In the densely populated Lazaret area of Niamey, Niger’s capital city, a group of women is gathered in a compound. Some sit on mats, taking an adult literacy class. Each is writing in an exercise book, keenly following what the teacher is writing on the blackboard.

Others are in a large room within the expansive compound, having a different type of lesson. Among them is 47-year-old Fati, who is learning about the process of raising animals for qurbani.

A widow with seven children to provide for, Fati is a member of the Iyayen Marayou women’s group. Set up 13 years ago, Islamic Relief initially worked with the group to identify orphaned children in need of sponsorship. It has now progressed into a women’s income generating community based organisation, supported by our training in areas such as good governance, income generation development and management.

Powering economic self-reliance for women in Niger


Last year Fati was among 300 women to receive goats and sheep distributed by Islamic Relief in Niger.

“We received training on raising animals and fattening them,” she says, explaining that they take care of the animals and as the time of qurbani nears, the fattened animals are sold at market prices, which generates a profit. This profit is shared between Islamic Relief and the families at a predefined and agreed upon ratio.

“With the profit I made, I was able to afford to buy my own animal, a sheep. This enabled me to make a good qurbani for my children,” Fati adds, explaining that her children enjoyed the meat.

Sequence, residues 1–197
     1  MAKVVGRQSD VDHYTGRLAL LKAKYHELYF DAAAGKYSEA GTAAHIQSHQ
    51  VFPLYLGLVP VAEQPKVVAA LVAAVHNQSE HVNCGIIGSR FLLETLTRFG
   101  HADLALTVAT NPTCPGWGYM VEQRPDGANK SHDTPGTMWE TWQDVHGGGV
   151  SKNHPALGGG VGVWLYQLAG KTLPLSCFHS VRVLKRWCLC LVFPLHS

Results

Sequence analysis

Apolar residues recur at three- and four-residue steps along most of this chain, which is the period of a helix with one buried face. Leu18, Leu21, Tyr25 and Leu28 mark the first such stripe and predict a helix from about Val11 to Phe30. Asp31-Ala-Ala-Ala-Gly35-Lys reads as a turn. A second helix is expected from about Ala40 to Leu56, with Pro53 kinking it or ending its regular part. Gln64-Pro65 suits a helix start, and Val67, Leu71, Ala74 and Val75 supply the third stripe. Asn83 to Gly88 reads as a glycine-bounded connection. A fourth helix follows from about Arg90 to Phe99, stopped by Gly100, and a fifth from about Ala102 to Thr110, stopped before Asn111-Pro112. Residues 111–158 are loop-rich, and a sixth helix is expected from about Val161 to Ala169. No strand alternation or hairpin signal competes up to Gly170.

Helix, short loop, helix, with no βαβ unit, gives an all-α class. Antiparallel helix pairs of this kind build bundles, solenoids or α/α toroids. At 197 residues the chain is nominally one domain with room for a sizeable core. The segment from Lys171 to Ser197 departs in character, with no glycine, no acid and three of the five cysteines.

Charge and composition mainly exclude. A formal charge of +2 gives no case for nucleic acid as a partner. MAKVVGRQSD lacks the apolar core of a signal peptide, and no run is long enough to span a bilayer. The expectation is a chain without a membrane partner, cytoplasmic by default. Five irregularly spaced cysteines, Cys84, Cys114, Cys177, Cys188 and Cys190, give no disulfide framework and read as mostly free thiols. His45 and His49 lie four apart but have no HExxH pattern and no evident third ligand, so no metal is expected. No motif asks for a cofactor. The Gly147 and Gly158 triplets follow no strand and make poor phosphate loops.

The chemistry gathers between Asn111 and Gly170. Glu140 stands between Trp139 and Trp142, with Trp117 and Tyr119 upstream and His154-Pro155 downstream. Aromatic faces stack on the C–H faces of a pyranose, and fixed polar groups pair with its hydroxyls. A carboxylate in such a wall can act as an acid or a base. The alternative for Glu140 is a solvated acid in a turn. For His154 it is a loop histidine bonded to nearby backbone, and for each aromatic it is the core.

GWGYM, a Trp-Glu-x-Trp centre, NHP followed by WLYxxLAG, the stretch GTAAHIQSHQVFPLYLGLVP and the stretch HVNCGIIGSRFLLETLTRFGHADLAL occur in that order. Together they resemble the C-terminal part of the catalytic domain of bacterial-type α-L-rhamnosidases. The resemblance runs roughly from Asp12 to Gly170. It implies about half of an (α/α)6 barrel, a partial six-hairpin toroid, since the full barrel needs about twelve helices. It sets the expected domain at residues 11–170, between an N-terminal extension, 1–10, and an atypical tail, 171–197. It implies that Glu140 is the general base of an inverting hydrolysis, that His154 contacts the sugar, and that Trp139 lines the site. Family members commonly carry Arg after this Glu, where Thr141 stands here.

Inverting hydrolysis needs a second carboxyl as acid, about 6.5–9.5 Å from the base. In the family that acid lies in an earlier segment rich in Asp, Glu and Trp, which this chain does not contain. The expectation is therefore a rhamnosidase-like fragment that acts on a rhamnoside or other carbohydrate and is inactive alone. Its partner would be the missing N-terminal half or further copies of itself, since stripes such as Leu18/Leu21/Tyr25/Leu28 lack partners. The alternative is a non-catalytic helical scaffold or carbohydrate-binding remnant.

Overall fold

Islamic Relief uses the animals we buy back in our qurbani programme, distributing the meat to poor families in Niger.

And our training has opened up a brand new source of income for Fati.

“I received training as a paraveterinary worker and was hired by the government livestock services ([department] as a trainee,” she says, smiling broadly as she describes her role in helping keep the animals healthy.


Buying local gives poor families a new source of income

Tens of kilometres away in Kokomani village, Tillaberi district, another group of women sit, shaded from the midday sun by a giant baobab tree. They’re from two community groups: Touzadey Nouhoul and Madjarey Maoudey.

They’re discussing with Islamic Relief an Islamic microfinance agreement that means 70 women will each receive three animals – two goats and one sheep -and training on how to fatten and sell to Islamic Relief during qurbani.

“This year our distribution has started early, and the women will have five months to fatten the animals,” says Habou Illyassou, child welfare coordinator for Islamic Relief, explaining that this is the second year we are distributing animals to women’s groups.

Islamic Relief buys the animals from local traders, which boosts the local economy. After careful veterinary examination, we vaccinate the animals before giving them to the women.

This new programme is being hailed as a sustainable way of expanding the positive impact of the annual qurbani programme. As well as providing food to poor families at Eid al-Adha, it empowers women to earn a living throughout the year.

In the capital city, a learner demonstrates her skills during an adult literacy class run by Iyayen Marayou women’s group.

And, as we learn from Fati, back in Niamey, it is already changing lives for the better.

“I now do not have to borrow food or get loans from my neighbours or take credit at the shops,” she says, proud of her newfound self-reliance.

Islamic Relief enables people to lift themselves out of poverty, for good. Donate today to support our life-changing work in Niger and around the world.